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Friday, September 17, 2021

CONTEXT: Sir Clive Sinclair, 1940–2021, R.I.P.

Among the many amazing innovations of this prolific inventor, who dedicated most of his work to bringing high technology to everybody at a price they could afford, was the breakthrough 1974 Sinclair Scientific calculator, the first single chip scientific calculator, which offered, in addition to the four arithmetic operators, sine, cosine, tangent, arcsine, arccos, arctan, log, and exponentiation. Through cleverness and hackery which rose to epic levels of heroism, this was squeezed into a read-only memory which held just three hundred and twenty instructions. How did they do it? See Ken Shirriff's brilliant reverse engineering of the Sinclair Scientific design and programming. The calculator was sold in the U.S. in kit form for just US$99.95 and assembled for US$139.95, a fraction of the price of scientific calculators from Hewlett-Packard and Texas Instruments.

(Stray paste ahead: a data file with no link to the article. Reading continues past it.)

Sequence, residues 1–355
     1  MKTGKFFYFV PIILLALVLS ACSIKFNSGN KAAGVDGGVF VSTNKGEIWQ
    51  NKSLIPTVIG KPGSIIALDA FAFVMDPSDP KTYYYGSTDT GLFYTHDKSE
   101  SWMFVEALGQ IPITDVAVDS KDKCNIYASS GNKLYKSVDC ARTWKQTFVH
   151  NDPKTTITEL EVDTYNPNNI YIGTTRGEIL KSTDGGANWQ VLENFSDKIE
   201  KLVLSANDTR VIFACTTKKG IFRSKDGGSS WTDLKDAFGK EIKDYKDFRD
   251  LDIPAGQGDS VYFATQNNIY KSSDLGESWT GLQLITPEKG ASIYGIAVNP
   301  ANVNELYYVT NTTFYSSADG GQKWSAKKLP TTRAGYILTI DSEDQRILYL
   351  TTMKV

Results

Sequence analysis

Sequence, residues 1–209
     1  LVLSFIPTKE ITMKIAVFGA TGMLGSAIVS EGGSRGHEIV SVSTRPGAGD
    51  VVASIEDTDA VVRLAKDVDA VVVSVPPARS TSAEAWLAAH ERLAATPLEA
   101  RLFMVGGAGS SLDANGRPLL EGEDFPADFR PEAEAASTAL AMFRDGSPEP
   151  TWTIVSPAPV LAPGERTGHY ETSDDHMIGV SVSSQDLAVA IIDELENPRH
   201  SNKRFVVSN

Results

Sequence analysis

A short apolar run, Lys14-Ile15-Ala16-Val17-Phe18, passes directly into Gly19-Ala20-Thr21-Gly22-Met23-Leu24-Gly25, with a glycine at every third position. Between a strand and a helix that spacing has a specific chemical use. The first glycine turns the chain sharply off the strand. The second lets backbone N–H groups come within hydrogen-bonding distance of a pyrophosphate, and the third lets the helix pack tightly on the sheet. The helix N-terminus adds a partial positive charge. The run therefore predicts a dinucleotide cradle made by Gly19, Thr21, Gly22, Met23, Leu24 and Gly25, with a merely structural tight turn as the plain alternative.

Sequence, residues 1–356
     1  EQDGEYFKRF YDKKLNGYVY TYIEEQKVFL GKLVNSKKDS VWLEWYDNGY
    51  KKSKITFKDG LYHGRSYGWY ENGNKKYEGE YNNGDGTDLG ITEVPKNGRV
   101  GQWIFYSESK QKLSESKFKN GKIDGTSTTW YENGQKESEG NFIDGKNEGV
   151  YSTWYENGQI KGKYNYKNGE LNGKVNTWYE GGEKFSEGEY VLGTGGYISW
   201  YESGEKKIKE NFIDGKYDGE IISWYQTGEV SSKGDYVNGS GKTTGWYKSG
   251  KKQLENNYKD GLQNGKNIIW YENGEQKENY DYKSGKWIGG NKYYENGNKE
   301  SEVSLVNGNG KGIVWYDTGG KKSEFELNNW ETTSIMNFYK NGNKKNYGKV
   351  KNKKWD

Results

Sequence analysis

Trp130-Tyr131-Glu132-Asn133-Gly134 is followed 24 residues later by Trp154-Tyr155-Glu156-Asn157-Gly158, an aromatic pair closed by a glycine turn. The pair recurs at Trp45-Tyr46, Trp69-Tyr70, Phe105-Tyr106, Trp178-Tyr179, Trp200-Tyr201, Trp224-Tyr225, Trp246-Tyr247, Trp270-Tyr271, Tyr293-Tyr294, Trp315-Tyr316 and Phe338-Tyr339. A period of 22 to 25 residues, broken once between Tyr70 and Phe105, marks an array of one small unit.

Clive Sinclair went on to design the ZX80 home computer, introduced in 1980 as a £79.95 kit or £99.95 assembled, which was an immediate hit. It, and its successors, were the introduction to computing for a generation of British and European programmers, and its successors were marketed in the U.S. by Timex Sinclair.

In his later years, Sinclair said that he did not use the Internet, as having “technical or mechanical things around me” distracted from the process of invention.

Posted at September 17, 2021 13:45